On February 22nd 1949, Niki Lauda was born into wealth in Vienna, Austria. Yesterday, May 20th 2019, Niki Lauda passed away in Vienna, aged 70.
Lauda hailed from a long line of successful industrialists, and his subsequent social status would be both a blessing and a curse. His father, and even more-so his grandfather, believed Niki had a future as an economist of sorts. Obviously, Niki Lauda had other plans.
He was immediately drawn to the automobile and in his early teen years he wiggled his way into a Volkswagen Beetle and would hammer it around on the family estate. By age 19, things became more serious when Lauda entered a hill climb, finishing second.
Niki Lauda quickly progressed from the Mini he started with, finding himself in a Formula Vee single-seater, then on up to Formula 3. It was here where he would meet career-long rival and friend, James Hunt. By 1971, just three years after the initial hill climb, Lauda had made the jump to Formula 2.
It wasn’t all smooth sailing, though.
Famously, Niki Lauda cut ties with his close family after their refusal to fund his racing ambitions. In one case, his grandfather used his influence to block a sponsorship, so Niki went to a bank and pulled out a loan which was backed by his life insurance policy.
His innate driving ability got him noticed immediately, and by 1973 Niki Lauda was racing in Formula 1.
More loans and financial difficulties loomed as he drove for the backmarker BRM, but the relationship he forged with teammate Clay Regazzoni would end up changing everything. In ’74 Regazzoni was re-signed to Ferrari and, upon questioning by Enzo Ferrari and Luca Montezemolo, Lauda came along, too. As cunning a businessman as he was a driver, Lauda negotiated a contract with Ferrari which would clear his debts. The rest is familiar history.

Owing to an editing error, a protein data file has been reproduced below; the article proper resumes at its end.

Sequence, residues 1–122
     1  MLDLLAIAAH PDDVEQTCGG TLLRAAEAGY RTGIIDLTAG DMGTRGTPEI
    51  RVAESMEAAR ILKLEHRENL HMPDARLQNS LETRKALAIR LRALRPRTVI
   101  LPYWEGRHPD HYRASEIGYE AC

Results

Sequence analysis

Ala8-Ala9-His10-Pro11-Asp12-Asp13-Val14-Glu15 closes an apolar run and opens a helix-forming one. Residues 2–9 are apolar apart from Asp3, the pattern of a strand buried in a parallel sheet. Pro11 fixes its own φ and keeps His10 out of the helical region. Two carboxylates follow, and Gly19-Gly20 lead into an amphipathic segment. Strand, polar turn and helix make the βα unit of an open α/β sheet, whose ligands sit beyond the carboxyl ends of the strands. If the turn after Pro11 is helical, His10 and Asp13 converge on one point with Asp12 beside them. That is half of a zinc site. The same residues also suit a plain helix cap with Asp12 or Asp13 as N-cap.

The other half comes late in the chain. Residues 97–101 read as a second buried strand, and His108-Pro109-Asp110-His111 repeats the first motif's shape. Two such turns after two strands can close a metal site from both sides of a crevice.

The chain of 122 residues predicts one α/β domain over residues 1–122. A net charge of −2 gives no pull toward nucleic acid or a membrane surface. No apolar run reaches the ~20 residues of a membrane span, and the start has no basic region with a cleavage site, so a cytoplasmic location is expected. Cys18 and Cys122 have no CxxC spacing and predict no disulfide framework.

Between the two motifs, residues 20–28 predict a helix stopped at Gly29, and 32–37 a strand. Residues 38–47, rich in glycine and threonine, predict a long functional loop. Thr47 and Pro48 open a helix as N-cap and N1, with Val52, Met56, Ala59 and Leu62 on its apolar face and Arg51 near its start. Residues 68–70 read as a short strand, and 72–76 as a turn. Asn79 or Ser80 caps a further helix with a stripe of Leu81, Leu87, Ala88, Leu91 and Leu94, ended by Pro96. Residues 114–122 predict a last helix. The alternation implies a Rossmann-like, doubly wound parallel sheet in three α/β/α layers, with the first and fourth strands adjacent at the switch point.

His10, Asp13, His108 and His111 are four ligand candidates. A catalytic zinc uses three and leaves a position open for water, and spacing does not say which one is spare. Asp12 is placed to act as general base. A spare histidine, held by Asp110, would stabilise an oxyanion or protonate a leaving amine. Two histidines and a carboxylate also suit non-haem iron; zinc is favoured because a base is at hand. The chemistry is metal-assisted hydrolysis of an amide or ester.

In his debut race for Ferrari, Lauda saw himself on the second step of the podium. Just three races later in Spain, Lauda drove to the first of what would be 29 Formula 1 Grand Prix wins.
The following season Niki Lauda was Formula 1 World Champion by a large margin, winning five of fourteen races over the 1975 season: Monaco, Zolder, Anderstorp, Paul Ricard, and Watkins Glen. In ’75, Lauda also became the first driver to lap the 14.2-mile layout of the Nordschleife in under 7 minutes.
This decisive victory came thanks to the Ferrari 312T, which was technically superior to everything else in the field.
But, so was Niki Lauda.
Then, in 1976, the Nürburgring crash.
Lauda’s 312T2 burst into flames after making contact with the wall at the left-hand kink before Bergwerk and was subsequently struck by the Surtees-Ford car. Lauda was trapped in the flaming wreckage, suffering lung and blood damage from inhaling toxic fumes as well as severe burns to his head and face.
Lauda collapsed into a coma and his epic comeback to Formula 1 after missing just two races is immortalized in the 2012 film Rush.
Decades later in an interview with Top Gear, Lauda was quoted with the following: “I get straight to the point. If it’s my mistake, it’s my mistake. In motor racing, you learn to achieve the best result in the shortest amount of time. It applies in life, too. Be quicker than the others. And don’t make mistakes. Even if things fail, have the discipline to find a new way, rather than embarking on a pointless emotional journey.”
Relatively unfazed by the catastrophe, Lauda went on to win two more Drivers’ Championships in his career, again with Ferrari and later with McLaren — the only driver to ever take a championship with both front-runners.
From his grandfather, who Niki never was able to make amends with for going off racing against his will — although he credits his grandfather for making him the fighter he was — to his potentially career-ending accident, Niki Lauda persisted.
Born a wealthy man, Lauda certainly didn’t have to do all he did, yet his tireless drive changed the landscape of racing. Against all odds, a relative nobody of a driver rose to become one of the greatest in Formula 1 history. Niki Lauda will be forever regarded as a true legend, and his stubborn, matter-of-fact wisdom is perhaps best remembered by his words after his near-fatal Nürburgring wreck.
“A lot of people criticise Formula 1 as an unnecessary risk. But what would life be like if we only did what is necessary?”
Additional photographs, in order of appearance, by Kenneth J. Gill, Jannis Andrija Schnitzer, and Hans van Dijk.